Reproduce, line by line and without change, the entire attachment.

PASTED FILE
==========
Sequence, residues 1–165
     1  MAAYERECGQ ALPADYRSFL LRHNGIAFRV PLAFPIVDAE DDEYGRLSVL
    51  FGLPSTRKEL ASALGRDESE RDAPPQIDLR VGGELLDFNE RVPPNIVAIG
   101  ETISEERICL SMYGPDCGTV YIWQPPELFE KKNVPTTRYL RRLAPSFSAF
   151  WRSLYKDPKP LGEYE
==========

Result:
Sequence, residues 1–165
     1  MAAYERECGQ ALPADYRSFL LRHNGIAFRV PLAFPIVDAE DDEYGRLSVL
    51  FGLPSTRKEL ASALGRDESE RDAPPQIDLR VGGELLDFNE RVPPNIVAIG
   101  ETISEERICL SMYGPDCGTV YIWQPPELFE KKNVPTTRYL RRLAPSFSAF
   151  WRSLYKDPKP LGEYE